Monday, February 8, 2010

Working with Substances: Charcoal

One of the most beautiful and intriguing things about the world of the orichas is the incredible sophistication and differentiation that exists both in the use of substances for ritual and the complex narratives that represent certain timeless truths. While some people stress one of these aspects over the other, in fact both traditions remain very important and vital. My next few posts will explore these traditions in relationship to Babalú’s awán.

Those who follow the lineage of Armando Zulueta—Omí Toké crumble charcoal at the bottom of the basket used in the awán. My teacher Ernesto Pichardo taught me to do this, explaining that the charcoal moves us into the realm of the unknown, the mysterious. However, he also taught me to consider carefully the substances that we use in the religion to gain a better understanding of their inherent aché.

When organic materials like wood are burned in the absence of oxygen, they produce charcoal. It takes great skill to stack wood and burn it into charcoal, and in the Cuban countryside, many people make their living from cutting the invaisive maribú trees, burning them into charcoal, and selling it. It is widely used for cooking, and it remains most traditional for preparing the food at oricha ceremonies. Transformed wood becomes the basis for transforming food.

After burning, charcoal is much lighter but retains the basic shape of the original material. In this way, charcoal resembles the skeleton of a deceased person: The transformation changes it, but soemthing recognizable remains. In fact, many ritual works for individuals use a similar principle: the name of the concerned is written on a piece of paper and then burned; the ashes are placed in the work to make certain that the person named is affected. In each case, the remainder is a kind of irreducible essence of the thing.

Charcoal burns at very high heat and thus evokes “candela” in the religion. “Candela” literally means “fire.” Cubans will refer to problematic and memorable people as “candela,” but more often than not it implies danger, trouble, and problems. In fact, when the sign Eyila appears on the mat in dilogún divination, tradition mandates that the diviner light a piece of charcoal and then extinguish it in omiero, the watery herbal concoction used in ceremonies. This simple ceremony is meant to extinguish—or at least mitigate—the “candela” carried by sign.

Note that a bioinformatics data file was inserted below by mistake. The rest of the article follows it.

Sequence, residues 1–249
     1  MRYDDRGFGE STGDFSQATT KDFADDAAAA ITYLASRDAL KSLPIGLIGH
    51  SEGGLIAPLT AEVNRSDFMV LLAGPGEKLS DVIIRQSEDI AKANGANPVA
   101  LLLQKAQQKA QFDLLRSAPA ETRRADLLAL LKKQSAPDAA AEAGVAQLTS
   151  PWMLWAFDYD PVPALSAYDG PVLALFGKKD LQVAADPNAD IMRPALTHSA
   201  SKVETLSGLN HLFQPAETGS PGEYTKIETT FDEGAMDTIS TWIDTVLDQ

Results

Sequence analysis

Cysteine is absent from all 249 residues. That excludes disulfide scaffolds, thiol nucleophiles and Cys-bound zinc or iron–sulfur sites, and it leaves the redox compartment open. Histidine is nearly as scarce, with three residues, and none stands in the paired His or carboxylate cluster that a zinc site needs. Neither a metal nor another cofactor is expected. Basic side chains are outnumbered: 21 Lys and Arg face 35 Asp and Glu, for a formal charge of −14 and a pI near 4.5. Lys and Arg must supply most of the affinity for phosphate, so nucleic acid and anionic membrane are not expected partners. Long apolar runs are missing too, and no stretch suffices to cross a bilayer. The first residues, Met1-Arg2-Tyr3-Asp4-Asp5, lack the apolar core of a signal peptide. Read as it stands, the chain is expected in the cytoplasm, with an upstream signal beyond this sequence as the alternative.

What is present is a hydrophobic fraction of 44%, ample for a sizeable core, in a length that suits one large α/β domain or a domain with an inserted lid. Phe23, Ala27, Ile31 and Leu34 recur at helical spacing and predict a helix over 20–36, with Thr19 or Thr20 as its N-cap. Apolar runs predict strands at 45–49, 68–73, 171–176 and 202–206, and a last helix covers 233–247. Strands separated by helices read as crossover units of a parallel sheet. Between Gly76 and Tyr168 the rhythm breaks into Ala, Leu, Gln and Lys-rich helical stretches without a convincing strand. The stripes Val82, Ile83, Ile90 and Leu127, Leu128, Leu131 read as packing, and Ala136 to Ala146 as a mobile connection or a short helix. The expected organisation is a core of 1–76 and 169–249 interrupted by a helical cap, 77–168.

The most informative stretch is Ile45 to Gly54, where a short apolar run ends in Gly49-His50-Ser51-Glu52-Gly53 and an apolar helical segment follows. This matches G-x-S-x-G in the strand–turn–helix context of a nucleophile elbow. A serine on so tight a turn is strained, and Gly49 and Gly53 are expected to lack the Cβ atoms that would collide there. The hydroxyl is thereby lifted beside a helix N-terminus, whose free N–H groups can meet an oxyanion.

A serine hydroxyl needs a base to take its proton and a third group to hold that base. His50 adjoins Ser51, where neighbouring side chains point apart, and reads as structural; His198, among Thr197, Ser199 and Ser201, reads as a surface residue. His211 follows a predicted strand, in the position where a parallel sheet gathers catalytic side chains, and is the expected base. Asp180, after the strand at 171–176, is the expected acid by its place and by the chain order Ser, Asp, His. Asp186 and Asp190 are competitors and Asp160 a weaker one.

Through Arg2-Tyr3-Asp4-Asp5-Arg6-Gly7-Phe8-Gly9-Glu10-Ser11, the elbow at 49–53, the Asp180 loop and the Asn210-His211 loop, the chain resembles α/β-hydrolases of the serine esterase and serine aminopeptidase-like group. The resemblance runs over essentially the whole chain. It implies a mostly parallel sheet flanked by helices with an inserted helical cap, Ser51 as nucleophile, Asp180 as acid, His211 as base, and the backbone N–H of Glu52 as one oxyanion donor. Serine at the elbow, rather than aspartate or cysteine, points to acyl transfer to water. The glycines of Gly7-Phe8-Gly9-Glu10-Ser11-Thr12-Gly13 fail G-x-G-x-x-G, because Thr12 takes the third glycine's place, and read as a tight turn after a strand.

The black color of charcoal links it to various important domains of activity. Ogún, the oricha of the forge, takes black in his necklace. Working in the vicinty of the forge, Ogún gets dirty, and the blacksmith’s art requires candela and the same kind of transformation as charcoal burning. Some roads of Babalú also take black, evoking the color of fertile Earth. In addition to these material realms, anthropologist Anthony Buckley has observed that black Earth parallels black skin, and when removed, red laterite or red sores appear, signalling the end of a agricultural or healthy productivity. Babalú’s black also reminds us the night. The awán must take place after dark, and Babalú will only eat—receive sacrifices—after sunset. Even the syncretic Feast of San Lázaro includes a nightime pilgrimage.

As Pichardo said, black evokes the unknown, and charcoal is used in the funeral rites of an initiate. Charcoal is added to the gourd that contains many sacred substances linked to the deceased and the whole gourd is wrapped in white and then black cloth.

So charcoal reflects transformation, contains something essential and material, and links to candela, Earth, night, and death. These things point to the unique aché of the charcoal added to the basket for an awán.

(Special thanks to Robin Thom and Flikr for the photograph of a charcoal stack in Cuba.)

2 comments:

  1. This is fascinating! I love that you are exploring the meaning of charcoal black at a time when we are surrounded by its opposite--fluffy white snow.

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  2. In fact, Babalú´s black color is the perfect contrast to Obatalá's white. People sometimes refer to snow as the "mantle of Obatalá," and these two orichas represent opposites of sorts.

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